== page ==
It has been over 25 years since participants first enrolled in the Agricultural Health Study (AHS) cohort; in 1993-97, a total of 89,655 individuals joined the study, including 52,394 private pesticide applicators (mostly farmers) and 32,345 of their spouses from North Carolina and Iowa, and 4,916 commercial applicators from Iowa. The cohort has been followed through 3 surveys (1999-2003, 2005-2010, and 2012-2015) and regular linkages to databases to assess both cancer and non-cancer health outcomes, such as respiratory, autoimmune, endocrine, and neurological diseases. Participants provided detailed data on pesticide use and other agricultural exposures at enrollment and in the first two follow-up surveys, and numerous research papers have investigated potential disease associations. Many participants have also contributed to special studies, including recent projects on Lung Health, Biomarkers of Exposure and Effect, and Memory and Aging. This presentation will highlight a selection of recent findings from the AHS (i.e., in the past 5 years), including a focus on non-cancer outcomes as well as recent cancer and mortality findings, and will describe current and future research priorities. Register for free here through Agrisafe.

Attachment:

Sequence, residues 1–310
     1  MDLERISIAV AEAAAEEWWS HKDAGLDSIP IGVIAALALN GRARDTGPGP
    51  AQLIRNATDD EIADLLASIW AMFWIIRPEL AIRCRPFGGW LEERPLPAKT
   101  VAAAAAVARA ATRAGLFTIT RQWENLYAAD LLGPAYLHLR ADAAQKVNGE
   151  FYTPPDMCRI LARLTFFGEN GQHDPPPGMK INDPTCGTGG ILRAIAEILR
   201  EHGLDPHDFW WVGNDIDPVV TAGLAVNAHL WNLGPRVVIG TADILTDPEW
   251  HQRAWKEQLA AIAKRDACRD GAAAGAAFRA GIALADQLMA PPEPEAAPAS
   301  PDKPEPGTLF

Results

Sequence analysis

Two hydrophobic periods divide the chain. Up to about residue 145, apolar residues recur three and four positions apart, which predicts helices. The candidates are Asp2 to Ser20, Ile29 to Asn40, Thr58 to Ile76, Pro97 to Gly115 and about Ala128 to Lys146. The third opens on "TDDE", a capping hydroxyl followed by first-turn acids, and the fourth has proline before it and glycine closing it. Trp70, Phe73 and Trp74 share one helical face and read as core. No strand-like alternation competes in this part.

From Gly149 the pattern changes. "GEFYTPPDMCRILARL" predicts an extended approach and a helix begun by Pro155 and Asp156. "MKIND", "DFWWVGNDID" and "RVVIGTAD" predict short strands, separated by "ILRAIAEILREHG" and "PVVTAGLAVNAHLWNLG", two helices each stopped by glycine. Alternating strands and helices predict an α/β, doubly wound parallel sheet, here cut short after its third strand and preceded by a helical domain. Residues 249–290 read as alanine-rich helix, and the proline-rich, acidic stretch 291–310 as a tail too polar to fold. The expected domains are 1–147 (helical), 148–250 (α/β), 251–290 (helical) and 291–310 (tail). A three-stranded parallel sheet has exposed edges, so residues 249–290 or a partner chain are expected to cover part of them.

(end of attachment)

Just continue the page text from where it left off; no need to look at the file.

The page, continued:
Safety Sensitivity of Opioid use in High Hazardous Industries Such as Agriculture 2 p.m. to 3 p.m. CDT
The American College of Occupational and Environmental Medicine released recommendations for opioid prescribing based on safety-sensitive occupations. Safety-sensitive work is typically classified as operating motor vehicles, modes of transportation, other heavy machinery, or tasks requiring high levels of cognitive function or judgment. Farm duties frequently demand the use of heavy machinery, and concurrent use of narcotics alongside safety-sensitive work can be dangerous. This training educates healthcare providers on how to assess occupational agricultural risks and corresponding patient guidance for those who are taking opioid medications. Register for free here through Agrisafe.